This is a really special time for my husband and I. He recently stopped working, having quit a job that he had grown impassionate about, and is going through a growing phase that entails a bit of self-discovery. I’ve found that with all of my titles and roles, I have not had the time to be there for this period of rebirth. The last few weeks, I’ve been telling him to stay out of my way because I have “things to do”. I didn’t want to talk to him because I had to “focus” on creating content for the blog. I couldn’t spend much time with him because I had to bake bread. I hated that the first thing I cut from my life whenever I needed space or time was my relationship, which is arguably most important. And it’s safe to say that over time, perhaps I myself have grown to become impassionate about my own work, too. There is always that line between hobby and work and when we cross it, other things shift with it, too.

So we are re-structuring,

My husband and I haven’t had this freedom since… college? We have an opportunity to come home and be idle. To have nothing due. This is the first time in our lives where we are both at a place where we can create the opportunity to just be. To reject most obligations. To do as little as possible. Or rather, to do only that which is essential.

I decided to commit to only one professional title (dentistry) as I fulfill more important roles of being a wife and friend. Where I was prompting him to find himself, I figure I should listen to my own advice and do much the same.

If I am being completely honest, perhaps taking on these jobs was my way of filling a void, rather than understanding why I felt partial instead of whole … arguably deeper work. I took on the title “baker” with Rye Goods one year ago, and I remember saying to Sara that I was looking for something more. The bakery was my saving grace from a dissatisfaction with where my life was at.

It was also my distraction.

Now it’s time to face fears, and start a new age.

A period of essentialism.


They say it takes courage to hold on when everything around you is falling apart,

When you are falling apart.

But usually we hold on for the sole reason that we are too afraid to let go.

Therefore, it takes equal courage to move on.

Either way,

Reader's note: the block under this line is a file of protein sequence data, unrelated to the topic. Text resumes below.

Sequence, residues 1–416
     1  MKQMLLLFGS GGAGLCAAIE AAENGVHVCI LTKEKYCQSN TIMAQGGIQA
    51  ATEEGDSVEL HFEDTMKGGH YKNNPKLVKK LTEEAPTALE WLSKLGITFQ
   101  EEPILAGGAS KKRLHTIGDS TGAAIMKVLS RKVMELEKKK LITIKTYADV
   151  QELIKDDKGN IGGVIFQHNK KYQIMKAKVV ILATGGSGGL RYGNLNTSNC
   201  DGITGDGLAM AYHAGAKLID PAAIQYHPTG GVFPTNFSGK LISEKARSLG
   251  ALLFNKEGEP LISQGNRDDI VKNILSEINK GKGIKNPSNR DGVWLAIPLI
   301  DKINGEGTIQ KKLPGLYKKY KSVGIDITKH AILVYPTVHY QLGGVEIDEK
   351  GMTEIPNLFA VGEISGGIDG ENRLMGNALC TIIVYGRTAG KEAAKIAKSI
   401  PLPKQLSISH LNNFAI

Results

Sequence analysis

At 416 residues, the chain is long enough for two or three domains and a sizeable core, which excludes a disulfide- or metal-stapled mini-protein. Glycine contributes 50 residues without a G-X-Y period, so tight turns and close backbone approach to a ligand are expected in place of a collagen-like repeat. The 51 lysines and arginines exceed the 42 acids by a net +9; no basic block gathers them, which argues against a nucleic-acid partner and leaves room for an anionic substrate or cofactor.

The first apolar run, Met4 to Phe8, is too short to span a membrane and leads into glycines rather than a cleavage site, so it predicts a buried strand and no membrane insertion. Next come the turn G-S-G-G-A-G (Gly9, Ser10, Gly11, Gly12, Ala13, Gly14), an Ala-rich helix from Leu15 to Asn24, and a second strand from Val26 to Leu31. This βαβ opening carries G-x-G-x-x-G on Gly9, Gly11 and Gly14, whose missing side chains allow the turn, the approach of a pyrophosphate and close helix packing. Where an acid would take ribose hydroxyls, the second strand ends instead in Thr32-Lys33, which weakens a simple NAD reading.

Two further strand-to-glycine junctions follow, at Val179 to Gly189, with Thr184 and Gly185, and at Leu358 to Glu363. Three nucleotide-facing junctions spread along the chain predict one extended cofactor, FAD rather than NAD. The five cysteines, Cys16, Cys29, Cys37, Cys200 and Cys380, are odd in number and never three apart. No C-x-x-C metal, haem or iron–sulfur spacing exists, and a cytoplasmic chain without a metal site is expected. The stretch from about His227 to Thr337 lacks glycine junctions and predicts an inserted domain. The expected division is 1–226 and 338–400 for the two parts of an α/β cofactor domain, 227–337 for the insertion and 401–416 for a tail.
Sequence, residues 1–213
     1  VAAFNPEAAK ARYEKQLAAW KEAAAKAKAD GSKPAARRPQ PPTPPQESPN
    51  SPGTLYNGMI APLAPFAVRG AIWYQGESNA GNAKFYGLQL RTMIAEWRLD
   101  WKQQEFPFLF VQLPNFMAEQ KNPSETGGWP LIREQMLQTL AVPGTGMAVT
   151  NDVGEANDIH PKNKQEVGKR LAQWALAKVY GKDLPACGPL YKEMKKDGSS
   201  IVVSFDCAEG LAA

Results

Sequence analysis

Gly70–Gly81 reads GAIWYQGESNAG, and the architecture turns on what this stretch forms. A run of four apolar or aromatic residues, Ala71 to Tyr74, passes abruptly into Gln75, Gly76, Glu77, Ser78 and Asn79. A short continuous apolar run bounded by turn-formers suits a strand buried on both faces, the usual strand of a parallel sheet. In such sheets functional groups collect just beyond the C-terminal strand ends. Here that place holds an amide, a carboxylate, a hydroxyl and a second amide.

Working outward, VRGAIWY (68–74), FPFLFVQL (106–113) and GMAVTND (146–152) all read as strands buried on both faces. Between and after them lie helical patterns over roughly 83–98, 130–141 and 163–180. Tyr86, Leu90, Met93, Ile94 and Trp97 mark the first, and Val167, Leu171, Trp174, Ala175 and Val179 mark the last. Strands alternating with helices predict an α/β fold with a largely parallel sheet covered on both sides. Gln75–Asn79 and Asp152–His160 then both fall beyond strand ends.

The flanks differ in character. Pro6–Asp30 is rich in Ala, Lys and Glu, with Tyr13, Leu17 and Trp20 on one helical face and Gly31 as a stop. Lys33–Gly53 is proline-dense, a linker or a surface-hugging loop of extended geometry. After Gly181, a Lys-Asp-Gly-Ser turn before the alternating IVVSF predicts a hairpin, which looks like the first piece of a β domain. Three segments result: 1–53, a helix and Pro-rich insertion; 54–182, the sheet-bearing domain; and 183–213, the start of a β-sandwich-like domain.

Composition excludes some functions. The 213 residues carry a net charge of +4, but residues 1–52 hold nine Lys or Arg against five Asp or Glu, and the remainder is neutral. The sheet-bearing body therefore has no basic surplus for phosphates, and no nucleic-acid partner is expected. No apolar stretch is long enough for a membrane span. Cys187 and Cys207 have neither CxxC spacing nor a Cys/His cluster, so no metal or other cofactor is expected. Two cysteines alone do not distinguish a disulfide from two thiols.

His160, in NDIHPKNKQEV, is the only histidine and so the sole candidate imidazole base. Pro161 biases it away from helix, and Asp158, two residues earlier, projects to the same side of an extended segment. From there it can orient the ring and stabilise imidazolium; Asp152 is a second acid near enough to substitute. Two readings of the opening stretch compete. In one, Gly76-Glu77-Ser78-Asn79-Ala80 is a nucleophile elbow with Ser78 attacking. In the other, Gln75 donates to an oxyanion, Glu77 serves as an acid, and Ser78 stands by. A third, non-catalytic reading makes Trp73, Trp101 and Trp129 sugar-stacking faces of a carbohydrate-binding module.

You are brave,

Whatever you choose to do.

Gratitude In Things You Don’t

This post may contain affiliate links. Please see my disclosure to learn more.

I was sitting in yoga class after a strenuous hour of being berated by a room full of heat, which I was convinced was too high for the particular class that I took, side-swaddling my right arm underneath my cheek bone, facing my husband as he reaps his benefits off of his mat and practice, when our instructor’s calm voice soothingly asks of us one thing before lifting ourselves off of the mat to end class:

Find gratitude in all the things you have in your life…

And gratitude in the things that you don’t.

As the rest of class pushed themselves gently up from their preferred side to continue on with their day, I stayed lying still a heartbeat longer to process what I just heard. I think I was in momentary shock.

If I am being quite honest, I have been lacking, the past few months, a sense of satisfaction with the way life has turned out to be. With the advent of taking on 6 days of dentistry for the first time in my life at the turn of the decade, while trying to manage a bakery, dog sit a few days a month, and partake in an international project to Sustain the Maldives with Bogobrush, my world has been in a state of overwhelm that has been hard to combat. My only saving graces are my husband, Starting From Within’s guidance, a few books, and yoga class.

At times like these, the standard advice of listing all the things you are grateful for in order to keep chins high appear to be good advice … at first glance.

However, the practice of acknowledging all the things one can be grateful for can feel a bit anti-climactic for minimalists, whose lists tend to end soon after it’s begun. Let’s face it, the list of things for minimalists are generally not very long. Which leaves one feeling like there isn’t much to be grateful for.

But what if we take a step back and look at the big picture. The world remains balanced, whether we recognize it or not. In order to have complete understanding, we need to extend our gratefulness to encompass both sides of the coin. After all, a list in gratitude of only the things we own can rob us of our enoughness. In order to grow our appreciation for the life of our choosing, we must compliment this list with all the things we don’t have, in gratitude. Such as…

  • Disease
  • War
  • Poverty
  • Famine
  • Hate
  • Clutter
  • Toxic relationships
  • Insecurity
  • Jealousy
  • Death
  • Isolation
  • Fear
  • Social constructs and norms
  • Peer pressure
  • Societal expectations
  • Addictions
  • Imprisonment
  • And for all minimalists, a long list of things that would otherwise steal our time and attention.

So when you feel life’s gotten away from you a bit, and that nothing seems to be going to plan, re-center and list all the things to be grateful for – whether you have them or not. Your world of positivity will expand, and perhaps you’ll start to notice a change in perception.

I mean, at least you’re not underwhelmed.

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Photographed: A few propagating leaves and East Fork‘s cake plates in Soapstone. 

Thoughts on: Mundane Action

There are times when I think about what people will think once this loan repayment journey is over. The most likely truth is that most of my journey will be forgotten. All of the middle ground where the suffering happened will be overshadowed by the end result. The happy ending will supersede all. As humans, it is natural to only remember the beginning and the end as we take away the life lesson but forget the mundane events of the everyday.